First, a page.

Visual Explanations: Images and Quantities, Evidence and Narrative
Riveting ideas on presenting better information design. Few would disagree: Life in the information age can be overwhelming. Through computers, the Internet, the media, and even our daily newspapers, we are awash in a seemingly endless stream of charts, maps, infographics, diagrams, and data. "Visual Explanations," the latest book by Edward R. Tufte, a Yale design professor, is a navigational guide through this turbulent sea of information. The book is an essential reference for anyone involved in graphic, Web, or multimedia design, as well as for educators and lecturers who use graphics in presentations or classes.
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After all, the audience for this illustration is the student of magic. Turning now to
sequences with three or more states, here is a fine explanation of the Charlier cut
, with words and images together in tight sequence, just as in a lesson with a ...
Many traditional illustrations of magic do not convey such a finely detailed sense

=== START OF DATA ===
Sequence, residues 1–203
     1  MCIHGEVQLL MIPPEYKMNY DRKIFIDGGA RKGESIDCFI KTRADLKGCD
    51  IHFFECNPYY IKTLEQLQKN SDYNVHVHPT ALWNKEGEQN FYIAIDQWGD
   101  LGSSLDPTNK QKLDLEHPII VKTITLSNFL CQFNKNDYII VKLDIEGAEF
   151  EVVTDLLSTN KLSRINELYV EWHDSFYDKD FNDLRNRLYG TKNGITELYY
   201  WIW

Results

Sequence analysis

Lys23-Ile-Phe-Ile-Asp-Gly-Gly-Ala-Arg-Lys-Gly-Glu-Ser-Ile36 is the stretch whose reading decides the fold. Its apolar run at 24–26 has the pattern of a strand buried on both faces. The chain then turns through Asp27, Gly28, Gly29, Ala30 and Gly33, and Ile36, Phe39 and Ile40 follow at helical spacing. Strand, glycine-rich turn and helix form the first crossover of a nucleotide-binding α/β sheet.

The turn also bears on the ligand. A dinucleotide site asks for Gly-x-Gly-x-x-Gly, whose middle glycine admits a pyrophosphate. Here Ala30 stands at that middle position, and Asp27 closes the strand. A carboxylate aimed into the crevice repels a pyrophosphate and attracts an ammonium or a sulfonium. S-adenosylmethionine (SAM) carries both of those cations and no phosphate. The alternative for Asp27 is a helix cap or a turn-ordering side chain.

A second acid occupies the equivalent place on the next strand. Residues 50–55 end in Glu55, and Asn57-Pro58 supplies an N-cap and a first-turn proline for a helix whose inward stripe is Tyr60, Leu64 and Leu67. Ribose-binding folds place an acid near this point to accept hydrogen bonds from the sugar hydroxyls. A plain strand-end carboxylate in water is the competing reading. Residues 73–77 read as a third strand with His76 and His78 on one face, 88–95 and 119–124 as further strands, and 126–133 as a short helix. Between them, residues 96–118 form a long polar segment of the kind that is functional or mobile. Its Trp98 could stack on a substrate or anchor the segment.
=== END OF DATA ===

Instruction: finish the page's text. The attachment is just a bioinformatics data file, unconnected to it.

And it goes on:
of sequence and rhythm as that shown at far left. Nonetheless the artwork is
unpolished: the hands are silhouetted by a heavy outline (its uniform line- weight
This news report and confectionary diagram are remarkably informative,
describing a serious danger often fatally underestimated by park-goers. Note
how the illustration explains why the river, with its dangers lurking beneath the
surface, is so ...
What people are saying - Write a review
LibraryThing ReviewUser Review - KirkLowery - LibraryThing
An eye-opening read. As a linguistic who deals with databases, this book dramatically improved my writing and design of graphics for publication. Read full review
LibraryThing ReviewUser Review - jasonli - LibraryThing
In "Visual Explanations," Tufte walks us through various case studies of visual explanations (charts, graphs, graphics, diagrams and maps). Some of the case studies are about great works, while others ... Read full review